Congratulations to everybody on a great night climb, and a safe ascent and descent! Though it was nobody's first summit, for everybody except myself it was their first trip up Three Fingered Jack! Welcome back Ken, it's a pleasure to have you along! And Rayna... fifth summit I believe, all of them this year, and hopefully a magnificently fitting end to the summer with us, as she's moving back to Hawaii in just a few weeks. Awesome, everybody, and I hope we can climb together again soon!

Fritz Capell

Pre-Event Forum
[View Post-Event Forum]

Steven says:
I've got gas money for a carpool, if possible. Also, are there plans to camp Saturday night as well?

Fritz (leader) answers:
I'll go with you, Friday after-work-ish? I probably won't be able to camp Saturday though.

Fritz (leader) says:
Everybody ready to go? Open for Verify - all participants please come by and check your vitals!

Fritz (leader) asks:
Does anyone have the opportunity to go early on Friday and stake us out a couple camp spots at Big Lake?

Steven says:
Fritz, can you drive? Sorry, wasn't very clear. I was looking for a carpool to join. My car isn't running so hot at the moment. After work is fine by me. I'm ready and super excited to go.

Eric answers:
I can drive or ride along from Portland. I will not want to camp on Saturday. Is there a Portland meeting spot (like Fritz's place)?

Fritz (leader) answers:
Yep, let's us three meet at my house at 6. I'll email my address in a bit.

Rayna asks:
I would be able to go earlier on Friday, but was hoping to join a carpool as well... would someone be able to come & get me on their way down from Portland or other?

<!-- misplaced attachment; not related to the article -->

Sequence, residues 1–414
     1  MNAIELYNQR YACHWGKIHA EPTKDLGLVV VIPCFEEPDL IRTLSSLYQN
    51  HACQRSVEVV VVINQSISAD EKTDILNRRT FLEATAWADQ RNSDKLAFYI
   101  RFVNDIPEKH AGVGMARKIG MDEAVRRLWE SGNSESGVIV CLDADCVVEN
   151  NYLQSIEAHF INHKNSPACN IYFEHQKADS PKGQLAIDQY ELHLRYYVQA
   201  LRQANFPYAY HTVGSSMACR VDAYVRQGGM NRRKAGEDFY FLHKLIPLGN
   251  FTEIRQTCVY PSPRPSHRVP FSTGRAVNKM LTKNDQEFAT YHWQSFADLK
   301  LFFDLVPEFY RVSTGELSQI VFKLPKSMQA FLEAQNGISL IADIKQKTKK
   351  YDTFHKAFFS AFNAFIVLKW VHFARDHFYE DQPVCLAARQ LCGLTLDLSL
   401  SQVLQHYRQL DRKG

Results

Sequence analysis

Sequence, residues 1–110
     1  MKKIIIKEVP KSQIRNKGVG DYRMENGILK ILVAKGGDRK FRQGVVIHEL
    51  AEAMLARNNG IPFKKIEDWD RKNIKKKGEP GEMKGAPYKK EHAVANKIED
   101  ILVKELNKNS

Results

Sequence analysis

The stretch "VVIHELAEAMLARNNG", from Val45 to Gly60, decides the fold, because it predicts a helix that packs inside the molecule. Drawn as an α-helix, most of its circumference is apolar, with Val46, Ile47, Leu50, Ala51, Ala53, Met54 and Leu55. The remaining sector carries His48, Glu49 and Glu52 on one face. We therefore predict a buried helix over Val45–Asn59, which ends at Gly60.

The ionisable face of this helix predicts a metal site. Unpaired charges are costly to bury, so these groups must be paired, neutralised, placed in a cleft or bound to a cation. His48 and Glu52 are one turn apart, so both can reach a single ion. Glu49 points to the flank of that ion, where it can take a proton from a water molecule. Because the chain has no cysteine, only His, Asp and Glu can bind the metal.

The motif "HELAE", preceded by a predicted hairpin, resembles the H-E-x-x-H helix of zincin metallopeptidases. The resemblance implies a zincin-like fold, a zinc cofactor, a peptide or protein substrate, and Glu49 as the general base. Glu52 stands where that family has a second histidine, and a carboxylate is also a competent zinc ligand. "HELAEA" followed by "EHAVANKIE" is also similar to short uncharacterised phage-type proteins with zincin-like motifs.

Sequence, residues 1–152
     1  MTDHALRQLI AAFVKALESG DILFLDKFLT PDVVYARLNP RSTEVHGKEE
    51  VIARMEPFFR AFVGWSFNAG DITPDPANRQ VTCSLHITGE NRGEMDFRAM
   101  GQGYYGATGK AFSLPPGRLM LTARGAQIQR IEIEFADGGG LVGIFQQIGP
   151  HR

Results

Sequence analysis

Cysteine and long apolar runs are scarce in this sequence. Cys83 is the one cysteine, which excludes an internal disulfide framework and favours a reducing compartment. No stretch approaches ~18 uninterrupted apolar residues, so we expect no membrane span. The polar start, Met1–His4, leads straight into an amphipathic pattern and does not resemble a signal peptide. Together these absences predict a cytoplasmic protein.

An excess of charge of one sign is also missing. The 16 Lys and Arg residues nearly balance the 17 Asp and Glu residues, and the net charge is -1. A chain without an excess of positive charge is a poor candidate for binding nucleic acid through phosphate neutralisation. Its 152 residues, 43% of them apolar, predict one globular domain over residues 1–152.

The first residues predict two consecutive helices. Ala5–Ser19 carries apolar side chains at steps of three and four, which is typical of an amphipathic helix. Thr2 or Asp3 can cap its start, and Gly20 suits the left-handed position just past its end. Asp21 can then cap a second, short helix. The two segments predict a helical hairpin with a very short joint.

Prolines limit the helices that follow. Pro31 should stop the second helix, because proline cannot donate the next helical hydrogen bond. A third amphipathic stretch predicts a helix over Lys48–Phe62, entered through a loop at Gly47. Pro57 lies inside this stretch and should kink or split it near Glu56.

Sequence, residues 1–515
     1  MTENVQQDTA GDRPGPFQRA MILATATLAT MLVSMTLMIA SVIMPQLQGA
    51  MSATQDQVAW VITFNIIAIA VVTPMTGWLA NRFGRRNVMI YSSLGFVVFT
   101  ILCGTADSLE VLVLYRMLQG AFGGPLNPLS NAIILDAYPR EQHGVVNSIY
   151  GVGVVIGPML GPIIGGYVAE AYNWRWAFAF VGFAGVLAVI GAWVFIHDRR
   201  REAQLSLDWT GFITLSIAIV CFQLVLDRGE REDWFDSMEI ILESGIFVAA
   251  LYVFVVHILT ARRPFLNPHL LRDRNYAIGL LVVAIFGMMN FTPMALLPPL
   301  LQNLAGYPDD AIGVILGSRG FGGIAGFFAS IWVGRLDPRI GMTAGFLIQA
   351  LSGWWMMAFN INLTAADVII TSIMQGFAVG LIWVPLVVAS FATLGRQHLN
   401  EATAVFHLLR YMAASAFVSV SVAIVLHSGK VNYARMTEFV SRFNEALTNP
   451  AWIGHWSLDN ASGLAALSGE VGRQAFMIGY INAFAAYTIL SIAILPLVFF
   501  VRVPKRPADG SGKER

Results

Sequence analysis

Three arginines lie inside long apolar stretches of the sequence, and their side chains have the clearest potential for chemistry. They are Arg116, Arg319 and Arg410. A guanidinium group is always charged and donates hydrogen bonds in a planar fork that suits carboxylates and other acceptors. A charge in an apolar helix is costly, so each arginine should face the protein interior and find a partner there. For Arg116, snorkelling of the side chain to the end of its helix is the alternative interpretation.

George answers:
Rayna, you're in Salem, right? I can hop up and get you.

Rayna answers:
Yup, West Salem. Thanks, George. I'll text you my address later.. what time are you thinking of going?

George answers:
I was thinking of heading out around five.

Fritz (leader) answers:
Ty is in Salem too, maybe y'all can hook up?

Eric says:
I am going to be coming from PDX. Do you have another seat Fritz? Alternately I can pick you up so you do not have to drive for a change.

Eric asks:
Hiking boots or leather mountaineering boots?

Fritz (leader) answers:
Your call. Word is there is some snow still on the trail, but I have trouble believing it is very substantial.

Fritz (leader) says:
Steven, Ty, and Ken, can you Verify your contact details and push the appropriate button at the bottom of that wee form? Thanks.

Rayna asks:
Fritz, pleeeease remember my nalgene! It has been quite a month without it :P Thank you!

Fritz (leader) answers:
I'll try! I'd put it in my pack right now but I'm in Michigan.

Fritz (leader) says: